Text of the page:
Murder of Sudanese baby casts light on migrant conditions in Egypt

Egyptian man arrested after alleged sexual assault and murder of 10-month-old foreign national

A woman sits outside Sudanese shops in Cairo. Reuters
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An Egyptian man has been referred to criminal court on charges of kidnapping, sexually assaulting and murdering a 10-month-old Sudanese girl.

The incident has sparked outrage and renewed concerns about the safety of migrants and refugees in Egypt.

Egypt’s Public Prosecution Office, which issued a statement on its investigation on Wednesday, said that the man abducted the infant, whose name was given as Janet, as she played with her older sister in front of their home in Nasr City, a district of Cairo.

She was taken to a nearby park where she was sexually assaulted and then strangled to death, according to the prosecution’s investigation.

The suspect was arrested last week and has since confessed during questioning, the prosecutors said. He faces the death penalty if convicted, they added.

The harrowing crime comes amid a surge in anti-Sudanese sentiment in Egypt.

There has been a large influx of Sudanese migrants into Egypt since the country descended into civil war more than a year ago.

Egypt has long been a refuge for people fleeing conflict and poverty in sub-Saharan Africa and the Middle East. The International Organisation for Migration (IOM) estimates that the country hosts more than nine million migrants, around half of whom are Sudanese.

However, only 600,000 of the migrants in total are classified as refugees, and most are legal residents, according to an April report by the UN refugee agency (UNHCR).

Since Sudan's civil war started in April last year, 1.5 million Sudanese people have sought refuge in neighbouring countries. About 500,000 of them have fled to Egypt, according to UNHCR data issued on April 12.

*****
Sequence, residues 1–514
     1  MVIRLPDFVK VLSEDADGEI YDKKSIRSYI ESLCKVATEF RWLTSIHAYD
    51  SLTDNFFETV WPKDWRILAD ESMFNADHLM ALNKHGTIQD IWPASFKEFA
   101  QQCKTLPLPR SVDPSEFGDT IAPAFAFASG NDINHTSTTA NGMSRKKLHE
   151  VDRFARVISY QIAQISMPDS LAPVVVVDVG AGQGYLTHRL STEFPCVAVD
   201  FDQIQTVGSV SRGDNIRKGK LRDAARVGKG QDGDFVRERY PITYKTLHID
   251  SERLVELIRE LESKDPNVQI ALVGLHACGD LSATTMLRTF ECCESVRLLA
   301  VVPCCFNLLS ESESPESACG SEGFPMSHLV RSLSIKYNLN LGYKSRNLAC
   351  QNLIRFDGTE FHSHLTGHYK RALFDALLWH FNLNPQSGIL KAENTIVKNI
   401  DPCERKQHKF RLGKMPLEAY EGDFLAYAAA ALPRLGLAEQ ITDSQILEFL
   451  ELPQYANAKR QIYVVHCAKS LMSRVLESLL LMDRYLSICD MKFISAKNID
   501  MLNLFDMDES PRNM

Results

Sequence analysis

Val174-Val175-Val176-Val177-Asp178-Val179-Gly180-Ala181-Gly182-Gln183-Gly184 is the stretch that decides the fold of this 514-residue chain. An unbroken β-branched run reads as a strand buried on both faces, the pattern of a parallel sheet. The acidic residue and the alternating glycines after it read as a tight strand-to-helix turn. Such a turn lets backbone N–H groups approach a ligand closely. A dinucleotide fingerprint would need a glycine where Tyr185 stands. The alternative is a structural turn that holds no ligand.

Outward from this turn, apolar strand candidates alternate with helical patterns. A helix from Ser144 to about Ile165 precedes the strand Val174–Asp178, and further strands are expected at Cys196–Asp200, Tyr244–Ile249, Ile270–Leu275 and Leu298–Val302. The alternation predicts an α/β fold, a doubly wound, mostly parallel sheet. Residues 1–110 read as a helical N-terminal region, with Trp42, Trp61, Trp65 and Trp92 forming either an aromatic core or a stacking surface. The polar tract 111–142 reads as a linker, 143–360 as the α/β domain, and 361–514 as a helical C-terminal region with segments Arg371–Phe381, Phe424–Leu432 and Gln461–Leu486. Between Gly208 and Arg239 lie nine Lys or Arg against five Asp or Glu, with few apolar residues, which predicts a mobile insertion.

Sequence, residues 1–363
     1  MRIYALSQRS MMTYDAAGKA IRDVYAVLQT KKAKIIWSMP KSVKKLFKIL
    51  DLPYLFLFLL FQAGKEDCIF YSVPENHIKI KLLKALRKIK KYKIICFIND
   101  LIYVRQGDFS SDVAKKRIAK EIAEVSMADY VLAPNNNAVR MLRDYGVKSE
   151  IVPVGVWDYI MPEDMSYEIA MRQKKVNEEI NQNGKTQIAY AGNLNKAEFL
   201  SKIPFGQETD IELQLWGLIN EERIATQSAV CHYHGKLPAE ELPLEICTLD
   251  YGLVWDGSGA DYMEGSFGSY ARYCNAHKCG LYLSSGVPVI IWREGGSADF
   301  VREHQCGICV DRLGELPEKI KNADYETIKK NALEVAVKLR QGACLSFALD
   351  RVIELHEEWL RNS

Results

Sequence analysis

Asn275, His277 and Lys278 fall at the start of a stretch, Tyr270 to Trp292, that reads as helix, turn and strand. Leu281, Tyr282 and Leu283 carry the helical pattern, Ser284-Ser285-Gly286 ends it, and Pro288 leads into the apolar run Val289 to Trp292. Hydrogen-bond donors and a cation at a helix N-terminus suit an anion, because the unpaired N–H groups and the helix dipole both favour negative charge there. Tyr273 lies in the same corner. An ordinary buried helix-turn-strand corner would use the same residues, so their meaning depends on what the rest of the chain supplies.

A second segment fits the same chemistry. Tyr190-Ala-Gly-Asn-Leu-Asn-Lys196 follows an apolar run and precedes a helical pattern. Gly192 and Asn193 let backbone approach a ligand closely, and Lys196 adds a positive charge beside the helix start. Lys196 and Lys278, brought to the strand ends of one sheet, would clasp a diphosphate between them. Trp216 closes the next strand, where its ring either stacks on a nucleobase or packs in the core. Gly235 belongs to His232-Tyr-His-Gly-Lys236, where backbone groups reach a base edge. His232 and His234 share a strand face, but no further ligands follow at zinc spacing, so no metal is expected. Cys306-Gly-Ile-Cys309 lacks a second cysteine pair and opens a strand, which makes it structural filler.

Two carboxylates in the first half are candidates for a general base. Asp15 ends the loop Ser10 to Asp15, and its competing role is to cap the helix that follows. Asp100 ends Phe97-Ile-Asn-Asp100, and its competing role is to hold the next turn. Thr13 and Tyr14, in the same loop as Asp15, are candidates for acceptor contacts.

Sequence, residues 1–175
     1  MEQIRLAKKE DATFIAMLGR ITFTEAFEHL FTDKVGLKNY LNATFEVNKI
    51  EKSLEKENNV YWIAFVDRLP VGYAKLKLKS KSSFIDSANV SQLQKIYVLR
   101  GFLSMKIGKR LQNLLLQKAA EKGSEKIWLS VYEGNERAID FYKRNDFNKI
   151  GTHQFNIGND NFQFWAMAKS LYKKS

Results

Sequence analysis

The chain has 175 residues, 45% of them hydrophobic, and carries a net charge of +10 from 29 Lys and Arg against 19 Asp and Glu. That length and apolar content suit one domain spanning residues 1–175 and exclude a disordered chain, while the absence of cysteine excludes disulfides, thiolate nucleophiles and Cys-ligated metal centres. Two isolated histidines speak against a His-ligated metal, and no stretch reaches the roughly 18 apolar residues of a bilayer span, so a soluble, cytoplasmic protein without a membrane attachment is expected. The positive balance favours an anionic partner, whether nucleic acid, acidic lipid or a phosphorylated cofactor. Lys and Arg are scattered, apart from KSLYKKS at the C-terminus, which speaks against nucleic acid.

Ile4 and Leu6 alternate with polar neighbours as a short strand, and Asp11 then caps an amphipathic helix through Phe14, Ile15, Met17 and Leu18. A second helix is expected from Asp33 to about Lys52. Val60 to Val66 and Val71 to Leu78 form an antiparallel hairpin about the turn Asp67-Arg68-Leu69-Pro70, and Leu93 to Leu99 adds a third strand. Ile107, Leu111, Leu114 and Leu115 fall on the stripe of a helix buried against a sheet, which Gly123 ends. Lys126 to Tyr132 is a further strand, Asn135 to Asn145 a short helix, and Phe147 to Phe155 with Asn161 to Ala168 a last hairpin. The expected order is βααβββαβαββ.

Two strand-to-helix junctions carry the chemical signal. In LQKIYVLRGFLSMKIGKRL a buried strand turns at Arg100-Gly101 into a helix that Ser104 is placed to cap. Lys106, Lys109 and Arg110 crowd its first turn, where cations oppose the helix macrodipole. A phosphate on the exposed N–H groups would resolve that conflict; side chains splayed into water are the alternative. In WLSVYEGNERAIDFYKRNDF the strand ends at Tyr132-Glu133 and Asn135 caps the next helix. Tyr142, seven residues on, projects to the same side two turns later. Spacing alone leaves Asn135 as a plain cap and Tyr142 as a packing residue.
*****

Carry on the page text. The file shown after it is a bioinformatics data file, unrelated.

Before the war, there were only 60,000 Sudanese refugees and asylum seekers in Egypt registered with the UNHCR.

The majority of the refugees are women and children who arrived after arduous and dangerous journeys to Egypt with few resources, in urgent need of food, shelter, and medical care, the UN has said.

Egypt’s government has repeatedly warned that the influx has strained the country’s already overburdened public services and social protection networks.

Egypt's Prime Minister Mostafa Madbouly alleged in a speech on Monday on the sidelines of the World Economic Forum in Riyadh that the cost of hosting migrants is $10 billion per year, although critics caution that those figures lack transparency, and that migrants also contribute substantially to the economy.

Egypt has repeatedly complained of the inadequacy of international aid in light of the increasing influx of refugees and migrants into its territory. The government has made repeated calls for increased international support, most recently during Mr Madbouly's meeting last week with the Director General of the International Organisation for Migration, Amy Pope, during which he reissued his calls for more financial aid.

Rights groups say Egypt has a mixed record on protecting migrants and refugees. While the country has maintained an open-door policy, it lacks a comprehensive asylum system and limits access to public education, health care, and formal employment.

Many Sudanese refugees face precarious living conditions, restrictions on movement, and racial profiling by the police.

Since the start of the war, Egyptian security agencies have detained and deported hundreds of Sudanese refugees, including dozens registered with the UNHCR, according to an investigation by The New Humanitarian which included testimonies from migrants who were held in a network of secret military bases without access to legal representation or the United Nations' refugee agency.

Security officials denied any policy of migrant round-ups, saying those deported had criminal records or lacked legal status.

Rights groups say Egypt must do more to uphold the rights of refugees and combat rising xenophobia. They argue that crimes against migrants and refugees should be prosecuted firmly, but without vilifying entire communities.

The latest killing of the Sudanese girl underscores the vulnerability of migrant and refugee children in particular, who often face heightened risks of violence, exploitation, and abuse.

Updated: May 03, 2024, 8:29 AM